Donor health and wellbeing

How can we keep our donors happy and healthy? Researchers at Lifeblood are exploring ways to improve the donation experience, reducing the risk of adverse reactions, and broaden our understanding of how donating blood affects donor health over time. You can find some of our research already at work in donor centres!

Research leaders

A/Prof Tanya Davison
Dr Surendra Karki
Dr Nicky Guerin
Elizabeth Knight
Amanda Thijsen

Current projects

Long term study of blood donor health
Lifeblood is committed to continually ensure the health of blood donors. Studies that follow donors over a longer period of time and assess the differences in health outcomes according to donor characteristics can help us detect any long-term differences in health outcomes for particular groups.

In the Australian Blood Donor Study (ABDS)- pilot phase, we are testing the feasibility of this approach for research into long-term health and donation-related behaviour of our donors. In the pilot phase survey, we are also asking donors how they feel about donating blood for biobanking and broader research purposes.

Donating during the COVID-19 (coronavirus) pandemic
The coronavirus pandemic has changed many things that our Lifeblood donors previously took for granted. 

Donating is just one activity affected by the pandemic. Donors have been asked to follow Lifeblood's own guidelines for donating, as well as keeping up with changing Australian emergency guidelines and restrictions for behaviour more generally. 

These guidelines mean different things for different donors. We want to ask donors how they feel about donating during this time, and find out how this affects their donation experience and behaviour. Our findings will help us to support donors and provide the information they need to continue to donate safely.

Implementing applied muscle tension during plasma donation
Most donors donate successfully but some may feel dizzy, lightheaded or nauseous known as a vasovagal reaction). By tensing the major muscles in the legs and abdomen, donors can increase their blood pressure which prevents them from having a vasovagal reaction.

We’ve shown this technique helps reduce these reactions in whole blood donations and now we want to find out how we can best introduce muscle tensing exercises for plasma donations.

Predicting adverse reactions
Vasovagal reactions, where a donor feels dizzy or faint, are the most commonly reported adverse reaction to blood donation.

This study will use a wearable device to help identify these reactions early on by measuring skin conductance and heart rate during the donation procedure. This study is a collaboration with Dr Philippe Gilchrist from Macquarie University.

Data Linkage with the 45-and-up study
The incidence of chronic diseases such as cardiovascular diseases and cancer increase with ageing. In this study, known as the EDVLINK study, we have linked the data of a large population based study in NSW called ‘The Sax Institute’s 45 and Up study’ with several external health-related datasets including Lifeblood’s blood donation-related information.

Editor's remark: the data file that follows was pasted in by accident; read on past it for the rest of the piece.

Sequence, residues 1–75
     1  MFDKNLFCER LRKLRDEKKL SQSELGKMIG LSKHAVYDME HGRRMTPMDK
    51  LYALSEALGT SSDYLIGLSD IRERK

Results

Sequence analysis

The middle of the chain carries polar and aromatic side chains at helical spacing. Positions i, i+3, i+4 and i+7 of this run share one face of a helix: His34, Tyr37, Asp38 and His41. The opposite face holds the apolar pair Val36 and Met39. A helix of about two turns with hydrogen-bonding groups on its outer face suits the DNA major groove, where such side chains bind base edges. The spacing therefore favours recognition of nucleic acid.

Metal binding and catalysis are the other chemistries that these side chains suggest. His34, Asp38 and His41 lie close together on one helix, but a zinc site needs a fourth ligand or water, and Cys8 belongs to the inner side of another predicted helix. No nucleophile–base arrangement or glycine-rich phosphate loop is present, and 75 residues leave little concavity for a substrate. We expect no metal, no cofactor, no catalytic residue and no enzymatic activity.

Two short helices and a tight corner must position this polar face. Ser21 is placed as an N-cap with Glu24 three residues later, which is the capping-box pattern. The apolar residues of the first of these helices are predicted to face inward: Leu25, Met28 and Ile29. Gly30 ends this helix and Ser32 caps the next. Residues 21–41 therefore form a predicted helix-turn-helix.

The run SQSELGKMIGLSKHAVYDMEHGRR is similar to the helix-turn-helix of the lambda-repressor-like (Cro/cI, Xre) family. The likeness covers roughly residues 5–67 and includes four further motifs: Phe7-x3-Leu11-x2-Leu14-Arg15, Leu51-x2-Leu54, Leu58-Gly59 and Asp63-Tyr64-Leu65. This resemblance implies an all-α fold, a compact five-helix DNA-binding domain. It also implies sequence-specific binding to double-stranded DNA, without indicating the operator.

Through this data linkage we have compared blood donors to similar health middle-aged and older adult non-donors, to see if there are differences in the chronic diseases, health outcomes and interactions with health services.

Donation, health and me
How donors feel about the effects of donation on their health is important for their wellbeing and influences their decisions about when to donate.

We want to understand more about what donors think are the positive and negative health effects of donation so that we can provide relevant information and support.

We’re planning to use donors’ perspectives to improve and personalise the donation experience.

We are reviewing international research, and interviewing and surveying Lifeblood donors in Australia, to investigate how donors’ perceptions relate to their donation experiences and behaviour.

Interventions to improve donor return following a vasovagal reaction
Feeling dizzy or fainting during a blood donation is a very unpleasant experience. We want to be able to help donors overcome these events by improving the way we manage these reactions at the centre as well as the way we communicate with donors after they left the centre.

 

Selected recent publications

Thijsen A, Masser B. (2019) Vasovagal reactions in blood donors: risks, prevention and management. Transfusion Medicine 29(S1):13-22 doi:10.1111/tme.12488

Thijsen A, Masser B, Gemelli CN, Davison TE. (2019) Trends in return behaviour after an adverse event in Australian whole blood and plasma donors. Transfusion 59(10):3157-63 doi:10.1111/trf.15475

Karki, S., Davison, T., Thijsen, A., Gemelli, C.N., Irving, D.O., Wright, S.T (2019). Completeness and accuracy of self-reported history of blood donation- results from a cohort of older adults in Australia. Transfusion; 59; 26-31.

Gemelli, C.N., Thijsen, A., Karki, S., Davison, T., Irving, D.O., Wright, S.T (2018). Demographic and health profile of older Australian blood donors: results from the Extended Donor Vigilance data linkage study (EDV:Link). ISBT Science Series; 13; 412-20.

Thijsen A, Gemelli CN, Davison TE, O'Donovan J, Bell B, Masser B. (2018) Does using applied muscle tension at strategic time points during donation reduce phlebotomist- and donor-reported vasovagal reaction rates? A three-armed randomized controlled trial. Transfusion 58(10):2352-9. doi:10.1111/trf.14940

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